The temporary hold on new reservations does not affect the residential Expected Performance Based Buydown (EPBB) market or any project that applied before July 9, 2010. Given that the program already received more than 300 megawatts for 10,000 new projects since January 2010 that are unaffected by the ruling, the solar market is expected to continue its strong installation trend throughout 2010. Also, most large projects take over a year to come online, and this temporary hold on large projects is not expected to present a major disruption to the solar market.

"Nobody wants to lower the incentive levels," said Molly Sterkel, program supervisor for the CSI at the CPUC. "However, we want to make sure the program meets its ambitious megawatt goals and also stays within its statutorily authorized budget."

Now that the program is in its fourth year of operation, the CPUC’s ruling is an attempt to make sure the 10-year program stays on track with its nearly $2 billion budget. The ruling notes that the CPUC is concerned that the program incentive budget could be depleted before the program achieves its overall megawatt goals. The ruling seeks comment on slightly reducing incentives for projects over 30 kW, as well as reducing the existing incentive premium for government and non-profit projects. Under the proposal, which is open for comment, public sector projects would still receive incentives that are higher than any other customer class, but the rebates would be reduced slightly from their current levels. For example, at Step 7, government rebates would be 58 percent higher than commercial-entity rebates, instead of 115 percent higher than commercial-entity rebates.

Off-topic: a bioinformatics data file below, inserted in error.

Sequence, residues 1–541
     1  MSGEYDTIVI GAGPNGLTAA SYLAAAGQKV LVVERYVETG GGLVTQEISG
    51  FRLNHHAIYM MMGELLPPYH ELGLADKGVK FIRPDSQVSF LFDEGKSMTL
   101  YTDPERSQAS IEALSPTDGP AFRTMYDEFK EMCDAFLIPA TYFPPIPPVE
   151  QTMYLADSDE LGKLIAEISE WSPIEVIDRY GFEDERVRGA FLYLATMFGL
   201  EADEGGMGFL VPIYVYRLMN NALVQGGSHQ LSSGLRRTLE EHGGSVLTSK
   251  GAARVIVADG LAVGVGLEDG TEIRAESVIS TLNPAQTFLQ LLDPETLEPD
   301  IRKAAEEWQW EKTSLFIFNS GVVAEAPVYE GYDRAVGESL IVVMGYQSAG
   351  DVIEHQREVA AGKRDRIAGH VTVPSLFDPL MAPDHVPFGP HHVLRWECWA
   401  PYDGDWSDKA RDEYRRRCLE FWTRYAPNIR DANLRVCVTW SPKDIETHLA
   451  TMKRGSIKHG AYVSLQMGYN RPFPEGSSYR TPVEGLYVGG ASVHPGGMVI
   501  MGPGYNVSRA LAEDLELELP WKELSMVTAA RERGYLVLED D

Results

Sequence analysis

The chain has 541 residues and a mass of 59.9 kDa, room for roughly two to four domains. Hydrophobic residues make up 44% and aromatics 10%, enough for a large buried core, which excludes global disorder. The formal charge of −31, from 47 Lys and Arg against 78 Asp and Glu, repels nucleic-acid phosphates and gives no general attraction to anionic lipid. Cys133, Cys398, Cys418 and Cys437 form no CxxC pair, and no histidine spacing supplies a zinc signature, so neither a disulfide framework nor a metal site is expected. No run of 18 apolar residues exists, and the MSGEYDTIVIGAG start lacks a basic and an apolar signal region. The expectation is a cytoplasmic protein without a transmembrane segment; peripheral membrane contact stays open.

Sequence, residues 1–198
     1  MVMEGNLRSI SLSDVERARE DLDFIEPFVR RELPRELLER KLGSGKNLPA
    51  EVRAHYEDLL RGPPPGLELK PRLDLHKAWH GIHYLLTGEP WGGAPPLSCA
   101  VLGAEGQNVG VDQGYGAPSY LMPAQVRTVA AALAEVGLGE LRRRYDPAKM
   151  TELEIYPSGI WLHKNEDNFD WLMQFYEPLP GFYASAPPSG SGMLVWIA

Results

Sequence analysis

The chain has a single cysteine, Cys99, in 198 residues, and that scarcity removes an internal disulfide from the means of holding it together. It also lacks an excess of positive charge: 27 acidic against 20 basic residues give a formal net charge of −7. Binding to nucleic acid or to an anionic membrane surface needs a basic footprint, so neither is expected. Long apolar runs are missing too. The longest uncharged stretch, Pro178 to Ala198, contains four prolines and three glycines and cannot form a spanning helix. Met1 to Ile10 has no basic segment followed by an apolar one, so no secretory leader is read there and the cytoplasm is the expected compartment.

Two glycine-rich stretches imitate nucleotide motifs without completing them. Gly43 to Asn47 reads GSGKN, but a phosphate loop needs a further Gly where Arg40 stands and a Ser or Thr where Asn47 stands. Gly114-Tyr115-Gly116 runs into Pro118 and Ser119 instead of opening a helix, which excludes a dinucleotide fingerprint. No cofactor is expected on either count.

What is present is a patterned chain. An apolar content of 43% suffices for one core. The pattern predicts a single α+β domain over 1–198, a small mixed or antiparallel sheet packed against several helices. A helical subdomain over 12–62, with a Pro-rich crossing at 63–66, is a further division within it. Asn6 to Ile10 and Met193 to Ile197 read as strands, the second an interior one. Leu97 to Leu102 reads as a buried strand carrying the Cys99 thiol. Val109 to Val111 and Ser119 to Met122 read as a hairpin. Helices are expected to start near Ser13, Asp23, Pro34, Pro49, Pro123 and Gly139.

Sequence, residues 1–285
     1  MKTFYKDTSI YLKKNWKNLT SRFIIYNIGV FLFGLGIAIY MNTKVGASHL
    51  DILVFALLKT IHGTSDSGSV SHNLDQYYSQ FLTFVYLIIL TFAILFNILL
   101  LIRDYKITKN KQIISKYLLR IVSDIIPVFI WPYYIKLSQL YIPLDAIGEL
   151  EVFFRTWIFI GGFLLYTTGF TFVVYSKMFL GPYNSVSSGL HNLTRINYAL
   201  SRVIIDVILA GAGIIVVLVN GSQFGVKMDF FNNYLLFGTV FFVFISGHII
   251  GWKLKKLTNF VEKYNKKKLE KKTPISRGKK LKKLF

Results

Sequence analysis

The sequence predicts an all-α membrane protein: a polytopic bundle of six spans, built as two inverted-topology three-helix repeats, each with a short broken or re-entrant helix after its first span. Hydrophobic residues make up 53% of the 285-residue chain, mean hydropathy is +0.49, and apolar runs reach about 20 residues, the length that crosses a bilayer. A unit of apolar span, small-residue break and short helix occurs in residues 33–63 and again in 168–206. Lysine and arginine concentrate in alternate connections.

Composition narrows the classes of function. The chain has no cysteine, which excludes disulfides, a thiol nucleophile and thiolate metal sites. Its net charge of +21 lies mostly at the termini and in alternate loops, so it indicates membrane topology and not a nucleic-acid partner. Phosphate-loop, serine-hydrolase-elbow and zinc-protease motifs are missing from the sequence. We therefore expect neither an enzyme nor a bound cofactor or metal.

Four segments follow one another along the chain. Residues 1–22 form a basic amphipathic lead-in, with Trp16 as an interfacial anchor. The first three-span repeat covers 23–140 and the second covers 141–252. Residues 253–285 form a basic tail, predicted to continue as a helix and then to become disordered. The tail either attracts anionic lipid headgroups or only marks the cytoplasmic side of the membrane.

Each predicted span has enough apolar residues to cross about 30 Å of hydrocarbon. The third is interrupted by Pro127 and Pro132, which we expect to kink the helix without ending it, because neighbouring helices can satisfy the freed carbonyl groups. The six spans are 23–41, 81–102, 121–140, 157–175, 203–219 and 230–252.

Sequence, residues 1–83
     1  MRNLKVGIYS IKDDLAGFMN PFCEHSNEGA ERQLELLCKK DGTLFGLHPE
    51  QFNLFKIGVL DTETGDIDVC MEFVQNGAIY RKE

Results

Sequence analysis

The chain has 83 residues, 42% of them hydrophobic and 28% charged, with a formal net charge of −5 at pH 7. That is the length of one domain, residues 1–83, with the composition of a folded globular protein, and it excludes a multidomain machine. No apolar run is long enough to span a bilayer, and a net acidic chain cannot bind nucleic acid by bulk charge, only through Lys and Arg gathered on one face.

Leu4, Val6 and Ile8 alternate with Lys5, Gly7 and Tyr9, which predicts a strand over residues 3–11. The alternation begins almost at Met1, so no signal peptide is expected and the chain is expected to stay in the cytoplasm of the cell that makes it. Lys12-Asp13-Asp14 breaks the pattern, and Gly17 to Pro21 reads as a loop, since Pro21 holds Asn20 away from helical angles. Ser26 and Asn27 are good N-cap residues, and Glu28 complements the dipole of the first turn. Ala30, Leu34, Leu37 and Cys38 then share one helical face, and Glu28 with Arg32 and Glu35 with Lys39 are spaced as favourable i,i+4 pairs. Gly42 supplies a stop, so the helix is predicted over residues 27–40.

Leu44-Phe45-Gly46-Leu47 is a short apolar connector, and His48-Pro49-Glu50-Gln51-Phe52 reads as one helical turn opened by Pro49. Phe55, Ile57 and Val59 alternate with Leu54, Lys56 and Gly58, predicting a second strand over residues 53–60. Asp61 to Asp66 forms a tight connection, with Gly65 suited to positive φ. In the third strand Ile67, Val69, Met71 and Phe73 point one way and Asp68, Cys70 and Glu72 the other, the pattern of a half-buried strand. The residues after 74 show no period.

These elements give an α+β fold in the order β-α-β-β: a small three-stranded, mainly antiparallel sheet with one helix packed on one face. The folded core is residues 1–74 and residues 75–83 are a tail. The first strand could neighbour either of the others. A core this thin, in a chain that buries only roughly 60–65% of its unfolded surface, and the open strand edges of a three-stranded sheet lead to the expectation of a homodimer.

Below is an explanation on how all applications (new and existing) will be handled while the CPUC considers the potential incentive level change.

Applications Received on or before July 9, 2010

  • All applications that have already been issued a reservation will continue to be processed as normal with the existing incentive level that has already been confirmed.
  • All applications that have not been issued a reservation, but are either in the queue or being reviewed by Program Administrators will continue to be processed as normal with the existing incentive levels.

Applications Received after July 9, 2010

  • All EPBB applications, EXCEPT government/nonprofit-owned applications, will continue to be processed as normal with the existing incentive levels.
  • All Performance Based Incentives (PBI) applications will be reviewed for completeness, however they will not receive a confirmed reservation that sets their incentive level. All government/nonprofit-owned (EPBB or PBI) applications will be reviewed for completeness, however they will not receive a confirmed reservation that sets their incentive level. All PBI and government/nonprofit-owned applications will be put in a queue for reservation until further directed by the CPUC. These applications will also be subject to a potential incentive level change depending on the CPUC's modification of the CSI program.

Please contact your program administrators if you have additional questions. Click here to see the CPUC ruling.

 

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The CSI program is funded by California investor-owned utility customers and administered by Southern California Edison, Pacific Gas & Electric, and the California Center for Sustainable Energy under the auspices of the California Public Utilities Commission.